Wednesday 25 May 2016
‘We want our parts delivered in 1-2 days, maximum, if you can’t do that then we are not going to buy parts from you” a car bodyshop owner told me yesterday.
I hope that this is not the normal working patterns for the UK vehicle repair sector, but if it is then there are problems.
He went on to say that the data from their vehicle estimating system isn’t imported into their bodyshop management system until the vehicle has been stripped out, hence the need for parts to be delivered in 1-2 days because any longer and the repairs on the vehicle will pause due to lack of parts.
My questions here are; how does this repairer plan their work? are they working from day-to-day without knowing what they will be working on tomorrow because they haven't planned it yet?
This is a scary scenario because it doesn't allow them to plan ahead, give accurate completion dates, maximise efficiencies, put the right technician on the right job, plan their courtesy car programme, get the best discounts from their suppliers and more.
Is this the norm for the UK body repair industry? I hope not. I would like to think that the industry is smarter than this, that they are able to plan their work schedules, order parts with the best discounts and margins, and process repairs through their shops with the minimum of delays, at the highest quality and get the jobs finished on time.
In the same conversation the bodyshop owner also stated that some parts are too expensive “I can get a brand new part with no damage for near enough the same price as your green recycled parts”. This is a valid opinion because some UK vehicle recyclers haven't done the maths on customer service.
Bear with me, because there is a serious business case here.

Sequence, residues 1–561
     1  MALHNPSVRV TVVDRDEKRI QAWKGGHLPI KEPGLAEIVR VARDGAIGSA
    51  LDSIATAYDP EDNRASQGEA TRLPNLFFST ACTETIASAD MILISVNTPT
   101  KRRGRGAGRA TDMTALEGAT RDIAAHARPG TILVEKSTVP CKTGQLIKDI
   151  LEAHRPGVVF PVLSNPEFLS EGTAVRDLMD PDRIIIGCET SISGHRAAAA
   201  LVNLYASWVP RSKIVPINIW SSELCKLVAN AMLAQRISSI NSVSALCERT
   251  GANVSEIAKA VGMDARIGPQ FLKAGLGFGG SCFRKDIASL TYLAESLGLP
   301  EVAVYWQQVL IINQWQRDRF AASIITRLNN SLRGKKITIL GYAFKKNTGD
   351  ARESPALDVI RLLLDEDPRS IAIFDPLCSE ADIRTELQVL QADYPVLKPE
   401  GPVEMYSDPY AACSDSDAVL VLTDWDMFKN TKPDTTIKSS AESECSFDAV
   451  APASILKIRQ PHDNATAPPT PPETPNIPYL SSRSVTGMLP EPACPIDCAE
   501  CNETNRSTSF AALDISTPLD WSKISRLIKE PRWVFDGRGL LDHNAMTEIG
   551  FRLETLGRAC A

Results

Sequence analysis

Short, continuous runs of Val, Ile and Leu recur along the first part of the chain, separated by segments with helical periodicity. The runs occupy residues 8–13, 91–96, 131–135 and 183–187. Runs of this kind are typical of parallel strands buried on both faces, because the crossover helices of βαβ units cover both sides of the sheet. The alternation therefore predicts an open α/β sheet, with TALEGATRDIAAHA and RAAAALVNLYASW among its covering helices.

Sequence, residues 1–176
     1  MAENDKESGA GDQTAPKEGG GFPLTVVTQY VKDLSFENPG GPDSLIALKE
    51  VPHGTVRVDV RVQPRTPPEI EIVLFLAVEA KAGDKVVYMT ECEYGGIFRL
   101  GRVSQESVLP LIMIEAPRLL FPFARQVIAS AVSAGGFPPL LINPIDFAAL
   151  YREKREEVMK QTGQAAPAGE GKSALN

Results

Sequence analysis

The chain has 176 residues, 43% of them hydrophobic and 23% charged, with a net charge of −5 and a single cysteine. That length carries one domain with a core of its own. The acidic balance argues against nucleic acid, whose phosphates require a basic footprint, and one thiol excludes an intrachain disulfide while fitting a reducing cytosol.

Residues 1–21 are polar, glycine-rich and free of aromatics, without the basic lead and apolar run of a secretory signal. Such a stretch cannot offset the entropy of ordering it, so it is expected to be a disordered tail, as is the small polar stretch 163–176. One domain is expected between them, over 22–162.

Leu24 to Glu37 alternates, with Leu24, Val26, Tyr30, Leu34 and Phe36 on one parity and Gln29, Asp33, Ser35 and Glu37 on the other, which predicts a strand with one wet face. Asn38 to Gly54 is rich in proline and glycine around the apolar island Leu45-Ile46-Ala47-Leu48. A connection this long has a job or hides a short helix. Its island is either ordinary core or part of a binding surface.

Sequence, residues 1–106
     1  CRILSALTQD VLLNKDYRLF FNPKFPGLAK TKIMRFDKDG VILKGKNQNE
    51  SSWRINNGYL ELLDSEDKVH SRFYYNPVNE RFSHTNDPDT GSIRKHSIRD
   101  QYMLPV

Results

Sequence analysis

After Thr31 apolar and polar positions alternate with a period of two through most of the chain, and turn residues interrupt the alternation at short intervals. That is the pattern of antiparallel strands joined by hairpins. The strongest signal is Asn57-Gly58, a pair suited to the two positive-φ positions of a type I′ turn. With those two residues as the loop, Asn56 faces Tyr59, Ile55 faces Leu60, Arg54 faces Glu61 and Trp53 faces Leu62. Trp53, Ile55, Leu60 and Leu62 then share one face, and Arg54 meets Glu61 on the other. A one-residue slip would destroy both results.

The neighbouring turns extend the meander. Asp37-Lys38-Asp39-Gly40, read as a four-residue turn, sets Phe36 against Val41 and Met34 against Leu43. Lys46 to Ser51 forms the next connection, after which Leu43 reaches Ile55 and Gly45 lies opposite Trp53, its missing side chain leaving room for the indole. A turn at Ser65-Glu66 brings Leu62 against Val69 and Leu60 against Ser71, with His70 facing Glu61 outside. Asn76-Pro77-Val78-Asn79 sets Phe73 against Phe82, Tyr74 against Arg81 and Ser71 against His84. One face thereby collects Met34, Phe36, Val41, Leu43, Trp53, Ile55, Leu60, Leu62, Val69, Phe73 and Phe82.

If a brand new part has a retail price of £100 the repairer could expect up to 25% discount from the local dealer giving them a margin of £25.
The price of a green recycled part (an original equipment part that has come off a vehicle of the same age or newer than the one being repaired) has been calculated as follows:
Additional labour £16 (assuming hourly labour rate of £32 per hour)*
Repairers margin £20 (smaller than the brand new part)
The figures above are a real life example, and this is not even a near miss - in this case it was cheaper to purchase a brand new part that gives a bigger margin to the repairer and comes with a full guarantee. This case fails to give any margin to cover extra costs that may be incurred such as additional damage to the green recycled part that needs to be rectified by the repairer before fitment, or a mark up from a parts search company that facilitated the sale of the part.
The greater the retail value of the brand new part the greater the opportunity for significant cost savings through the use of a genuine green recycled part, and if the part doesn’t need a full colour change (panel of the same colour, a lamp or a trim etc.) then the additional labour can be removed from the calculation and increase the savings.
UK vehicle recyclers need to do the simple maths on their parts and delivery pricing so they can show real savings to accident damage work providers and vehicle repairers; prove the case for green recycled parts becoming normal practice for the UK vehicle repair industry and then have the ability to delight and amaze their customers.
*as an example fitting a red painted wing to a white vehicle will result in additional labour to change the colour of 0.5 hours.